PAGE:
My house has become embarrassingly messy. All except for the nursery, which I'm rather proud of, because it's orderly. Orderly! As for the rest of the house, I have photos to motivate myself into some sort of before-after transformaaaaation.
I'm trying the Life-Changing Magic of Tidying Up book that everyone's been raving about, partly because we need to tidy and I don't like having a lot of STUFF that has no reason for being in my house, and partly because the doctor told me I'm not healing well from my surgery and they think I'm dealing with some major allergy of some kind, so it's time to SERIOUSLY assess what we can do because I am not going through that surgery again. Throwing out stuff that gathers dust is a good place to start.
Kondo was a quick read, and I appreciated that its approach is very minimalist, and argues firmly against merely organizing stuff (all those life-hacks for sorting your shoes, keeping your collection of scarves in order, etc are No Good in KonMari world) and more for the drastic reduction in the amount of stuff. The problem with the KonMari method of cleaning is that (LIKE ALL OF LIFE) it works better if you have money. Getting rid of stuff and saying if you really need it again later, just buy another is fine and dandy if you have money to spare. It's probably easy to pare down clothes to only the things that "spark joy" if you have a fair amount of clothes from which to choose. That said, I still managed to cull a ton, so that probably speaks in favor of the KonMari method in that even though I don't have a knee-deep pile of tops to choose from, I still weeded and felt refreshed for doing it. Point Marie.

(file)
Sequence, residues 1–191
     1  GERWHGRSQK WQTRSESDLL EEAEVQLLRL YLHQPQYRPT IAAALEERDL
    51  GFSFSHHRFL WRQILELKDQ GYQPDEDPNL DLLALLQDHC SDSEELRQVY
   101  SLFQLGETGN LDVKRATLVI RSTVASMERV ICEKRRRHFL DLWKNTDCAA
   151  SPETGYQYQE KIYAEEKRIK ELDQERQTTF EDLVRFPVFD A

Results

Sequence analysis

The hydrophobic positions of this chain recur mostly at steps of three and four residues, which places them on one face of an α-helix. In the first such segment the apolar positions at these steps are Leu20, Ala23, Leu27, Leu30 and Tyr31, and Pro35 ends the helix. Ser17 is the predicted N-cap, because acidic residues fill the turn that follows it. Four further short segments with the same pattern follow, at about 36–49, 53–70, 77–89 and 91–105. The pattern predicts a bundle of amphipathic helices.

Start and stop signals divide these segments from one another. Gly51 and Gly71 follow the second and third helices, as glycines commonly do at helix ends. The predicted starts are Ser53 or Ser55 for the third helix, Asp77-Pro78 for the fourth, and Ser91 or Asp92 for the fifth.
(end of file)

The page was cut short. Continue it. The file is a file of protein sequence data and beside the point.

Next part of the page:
I appreciate the concept of acknowledging that things can bring us a certain kind of pleasure, and that happiness things brought us doesn't have to be stretched through infinity until we die with a house full of stuff that at one time brought us a spark of joy. Things can be enjoyed fully and deeply, and then gently let go once they've completed the job they came to do. You don't have to drag everything out. It seems very pragmatic and practical to assess things not by what they have given us, or might give us in the future, but by what they're contributing to our lives now. The practical nature of this type of assessment speaks to my sensibilities.
Of course, we're nowhere near done.
Clearly. Ugh. The bedroom became the dumping ground for all the little things without homes in the house post-baby, AND we took down some stuff from the walls because when we had the crib in the room, it was up against that wall there. So now the crib is in the nursery and the dresser is back where it belongs but the walls are bare and sad. And since we don't own, we aren't investing in painting the ick walls. D:
Here, have some pictures of a cute out-of-focus baby instead.
So many socks have been found. So many socks, so few mates. Sorry socks.